Qiyuan Gives Birth

Master Shiche asked his student, the nun Qiyuan Xinggang, “Buddha nature is not illusory.  What was it like when you were gestating the spiritual embryo?”

She replied, “It felt solidified, deep and solitary.”

“When you gave birth to the embryo, what was it like?”

“It was like being completely stripped bare.”

“When you met with the Buddha, what was it like?”

“I took advantage of the opportunity to meet the Buddha face to face.”

Shiche said, “Good!  Good!  You will be a model for those in the future!”

 

Qiyuan Xinggang (1597–1654) can be considered the matriarch of seventeenth-century women Chan masters, not only because she was the one of the first to set foot on the stage in that century but also because she left seven women Dharma successors, one of whom wrote a relatively detailed biographical study of her.  This is a wonderful and very unusual awakening story because the imagery used here, that of gestation and birth, are not typical of the more male-oriented traditional stories.  Those stories often entail a spirit of confrontation or warriorship, the path of the solitary hero.

The spiritual embryo is a traditional Taoist image, and I think anyone who has done any length of meditation understands that feeling of nurturing something within us.  You can call it a spiritual embryo, maybe you can call it Buddha nature, but when we sit zazen we can feel that we are nurturing something very tender within our hearts.

I like the teacher’s opening statement that Buddha nature is not illusory.  In other words, it’s not just an idea.  We really do have this very grounded, very sane, wakeful quality within us.  And then he asks the student – what’s that like for you?  What is it to nurture that part of yourself?  And her answer is very personal: solidified, deep, and solitary.  This is a practice we have to do ourselves, and while we have the support of good spiritual friends, ultimately we must go deeply within ourselves, and the practice of nurturing this quality within our hearts is indeed solitary.  We can talk about it with others, but ultimately it’s our own path and our own experience.

The image of childbirth as a metaphor for awakening is beautiful and Qiyuan’s response is certainly accurate: it is like being completely stripped bare.  When my wife was in labor with our daughter, not quite a year ago, I was completely awed by the totality of her effort.  For those who have experienced it, either as a mother or as a father present and witnessing the woman’s effort, you know what I mean.  In Zen, we talk a lot about making a wholehearted effort.  Dogen talks about our practice as “total engagement with upright sitting.”  A woman in labor is truly totally engaged.  The way I thought about it was that Jessica was “all in”.  All her chips were on the table.  There was truly nothing left out, nothing held back in her effort.  It was extremely humbling.

What is it to be stripped bare in our spiritual life?  Is that something we can do through our own effort, or is it something that just happens to us?  Can we do a spiritual practice half-heartedly?  Can we live half-heartedly?  Certainly, Qiyuan is pointing toward a particular quality of effort that we should make in our lives.  Are you up for that?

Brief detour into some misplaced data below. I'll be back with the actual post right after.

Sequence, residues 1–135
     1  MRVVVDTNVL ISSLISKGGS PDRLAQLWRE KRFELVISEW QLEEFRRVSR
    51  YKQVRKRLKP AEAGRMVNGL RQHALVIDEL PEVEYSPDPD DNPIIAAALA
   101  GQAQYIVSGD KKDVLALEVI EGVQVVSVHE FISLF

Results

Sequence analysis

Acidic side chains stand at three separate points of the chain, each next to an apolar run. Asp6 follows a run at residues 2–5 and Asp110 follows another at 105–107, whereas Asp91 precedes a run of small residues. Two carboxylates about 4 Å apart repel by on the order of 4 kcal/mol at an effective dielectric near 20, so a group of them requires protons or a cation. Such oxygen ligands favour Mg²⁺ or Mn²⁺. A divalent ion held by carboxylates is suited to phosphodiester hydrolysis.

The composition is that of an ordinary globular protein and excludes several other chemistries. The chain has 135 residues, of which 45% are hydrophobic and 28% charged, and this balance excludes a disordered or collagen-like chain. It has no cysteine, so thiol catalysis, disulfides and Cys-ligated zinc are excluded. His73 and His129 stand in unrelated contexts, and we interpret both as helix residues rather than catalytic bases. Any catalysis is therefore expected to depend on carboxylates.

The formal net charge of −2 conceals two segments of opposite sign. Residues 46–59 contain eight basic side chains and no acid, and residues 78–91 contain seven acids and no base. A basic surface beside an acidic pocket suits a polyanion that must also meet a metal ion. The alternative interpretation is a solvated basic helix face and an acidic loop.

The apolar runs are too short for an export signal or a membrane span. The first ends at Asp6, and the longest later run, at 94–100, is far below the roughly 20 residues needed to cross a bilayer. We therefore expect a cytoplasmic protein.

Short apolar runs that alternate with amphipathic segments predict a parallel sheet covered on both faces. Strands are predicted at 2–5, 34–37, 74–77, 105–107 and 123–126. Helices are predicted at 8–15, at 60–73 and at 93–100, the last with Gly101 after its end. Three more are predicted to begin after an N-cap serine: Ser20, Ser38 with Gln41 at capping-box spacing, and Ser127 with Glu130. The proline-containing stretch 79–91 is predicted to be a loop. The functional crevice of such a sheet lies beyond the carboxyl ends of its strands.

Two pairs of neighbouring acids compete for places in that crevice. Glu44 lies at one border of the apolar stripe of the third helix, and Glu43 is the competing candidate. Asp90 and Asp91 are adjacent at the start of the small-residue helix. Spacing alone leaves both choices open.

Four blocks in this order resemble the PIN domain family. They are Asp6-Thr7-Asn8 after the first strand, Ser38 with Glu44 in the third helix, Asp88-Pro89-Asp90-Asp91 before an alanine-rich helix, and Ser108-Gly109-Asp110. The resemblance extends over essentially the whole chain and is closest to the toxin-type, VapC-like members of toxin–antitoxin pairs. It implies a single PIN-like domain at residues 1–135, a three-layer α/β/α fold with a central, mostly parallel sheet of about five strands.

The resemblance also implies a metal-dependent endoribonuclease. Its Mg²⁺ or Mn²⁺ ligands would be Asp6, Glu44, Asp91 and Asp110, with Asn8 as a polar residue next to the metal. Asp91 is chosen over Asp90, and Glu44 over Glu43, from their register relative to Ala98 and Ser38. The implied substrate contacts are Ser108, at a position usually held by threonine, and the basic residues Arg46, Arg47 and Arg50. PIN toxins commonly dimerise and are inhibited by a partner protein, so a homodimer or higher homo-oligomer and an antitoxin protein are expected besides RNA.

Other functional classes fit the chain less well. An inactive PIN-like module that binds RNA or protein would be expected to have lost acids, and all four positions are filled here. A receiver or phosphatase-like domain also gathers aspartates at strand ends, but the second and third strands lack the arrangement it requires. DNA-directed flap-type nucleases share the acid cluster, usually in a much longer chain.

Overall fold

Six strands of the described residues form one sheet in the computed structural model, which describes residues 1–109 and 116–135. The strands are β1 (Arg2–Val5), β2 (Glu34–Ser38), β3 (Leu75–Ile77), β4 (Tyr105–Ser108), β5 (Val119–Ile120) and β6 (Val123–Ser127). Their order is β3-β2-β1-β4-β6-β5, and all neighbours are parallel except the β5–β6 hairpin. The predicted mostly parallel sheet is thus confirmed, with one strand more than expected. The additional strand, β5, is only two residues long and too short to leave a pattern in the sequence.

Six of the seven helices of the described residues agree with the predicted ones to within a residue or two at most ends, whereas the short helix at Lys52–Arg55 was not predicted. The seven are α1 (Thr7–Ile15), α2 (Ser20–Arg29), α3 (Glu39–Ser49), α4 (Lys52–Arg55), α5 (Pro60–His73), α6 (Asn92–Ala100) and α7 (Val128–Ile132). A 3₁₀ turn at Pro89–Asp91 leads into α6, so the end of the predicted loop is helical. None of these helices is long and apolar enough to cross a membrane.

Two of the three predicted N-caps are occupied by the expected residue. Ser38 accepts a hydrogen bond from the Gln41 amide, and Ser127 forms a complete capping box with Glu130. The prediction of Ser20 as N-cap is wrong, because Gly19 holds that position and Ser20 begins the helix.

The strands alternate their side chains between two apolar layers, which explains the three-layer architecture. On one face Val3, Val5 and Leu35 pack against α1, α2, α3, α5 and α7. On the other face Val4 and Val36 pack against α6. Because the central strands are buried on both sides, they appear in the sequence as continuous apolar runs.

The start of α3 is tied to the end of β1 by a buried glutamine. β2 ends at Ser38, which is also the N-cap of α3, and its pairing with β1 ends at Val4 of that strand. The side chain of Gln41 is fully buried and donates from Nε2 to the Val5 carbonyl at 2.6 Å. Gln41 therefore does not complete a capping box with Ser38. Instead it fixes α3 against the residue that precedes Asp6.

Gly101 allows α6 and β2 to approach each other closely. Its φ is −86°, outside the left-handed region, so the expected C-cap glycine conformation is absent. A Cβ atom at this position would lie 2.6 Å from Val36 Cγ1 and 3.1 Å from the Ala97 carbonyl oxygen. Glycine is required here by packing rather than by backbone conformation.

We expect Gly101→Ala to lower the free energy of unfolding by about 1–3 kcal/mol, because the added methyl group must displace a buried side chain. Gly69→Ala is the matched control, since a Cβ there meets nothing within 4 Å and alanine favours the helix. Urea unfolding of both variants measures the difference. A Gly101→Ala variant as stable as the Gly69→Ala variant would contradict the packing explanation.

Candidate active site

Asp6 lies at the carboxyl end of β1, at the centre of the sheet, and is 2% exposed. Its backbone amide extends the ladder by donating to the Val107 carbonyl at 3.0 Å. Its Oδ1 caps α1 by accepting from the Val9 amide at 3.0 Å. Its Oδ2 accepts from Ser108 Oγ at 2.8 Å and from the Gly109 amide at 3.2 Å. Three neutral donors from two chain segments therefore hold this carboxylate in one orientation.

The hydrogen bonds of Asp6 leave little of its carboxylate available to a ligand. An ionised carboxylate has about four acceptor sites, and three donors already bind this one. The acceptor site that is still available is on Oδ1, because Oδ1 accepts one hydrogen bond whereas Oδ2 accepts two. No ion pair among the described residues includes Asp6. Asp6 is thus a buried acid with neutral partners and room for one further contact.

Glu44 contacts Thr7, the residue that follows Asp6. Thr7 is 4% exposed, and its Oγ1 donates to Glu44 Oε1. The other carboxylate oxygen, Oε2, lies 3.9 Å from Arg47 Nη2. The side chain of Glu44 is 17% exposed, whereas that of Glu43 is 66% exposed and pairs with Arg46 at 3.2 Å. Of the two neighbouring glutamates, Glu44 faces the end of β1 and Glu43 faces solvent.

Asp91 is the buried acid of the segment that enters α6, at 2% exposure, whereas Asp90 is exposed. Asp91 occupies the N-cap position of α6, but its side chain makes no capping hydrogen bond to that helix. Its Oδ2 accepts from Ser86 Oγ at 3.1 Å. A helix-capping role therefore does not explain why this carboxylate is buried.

The teacher then shifts the question: “When you met the Buddha, what was that like?”.  In other words, when you have made this effort and really come face to face with this ground of reality, what is that for you?  How do you do that?  And Qiyuang tells her teacher that she met the Buddha face-to-face.

Our tradition places a particular emphasis on the face-to-face meeting with the teacher, sort of in the same way that we are taught to meet our experience directly in zazen.  The transmission of the dharma from generation to generation is often described in terms of face-to-face transmission, or warm hand-to-warm hand transmission.  It’s a very intimate meeting between teacher and student.

Continuing with this metaphor of the spiritual life as childbirth, and how we may meet that difficulty or challenge face-to-face.  What’s that like?  Is there some fear there?   Some excitement?  But ultimately here the question is: can you meet that face-to-face, and what does it mean to meet face-to-face anyway?  It also reminds me of that profound moment when you first see your baby.  Did you meet her face-to-face?  This is the direct experience of meeting your own heart.

The teacher then congratulates the student, and I don’t think he’s being snarky or ironic: Good!  This kind of effort and willingness to meet one’s own experience is exactly what will inspire future generations of students.  When you’ve had that kind of intense experience, and especially if you were able to meet it head on and not try to swerve around it, it changes you.  You become a different person, and others will see that in you.  You can see the change as a woman becomes a mother, or as a man becomes a father, and you can see it in a person of practice who has met their experience directly, over and over again.  That’s what we are practicing here.

–Taisan Joe Galewsky

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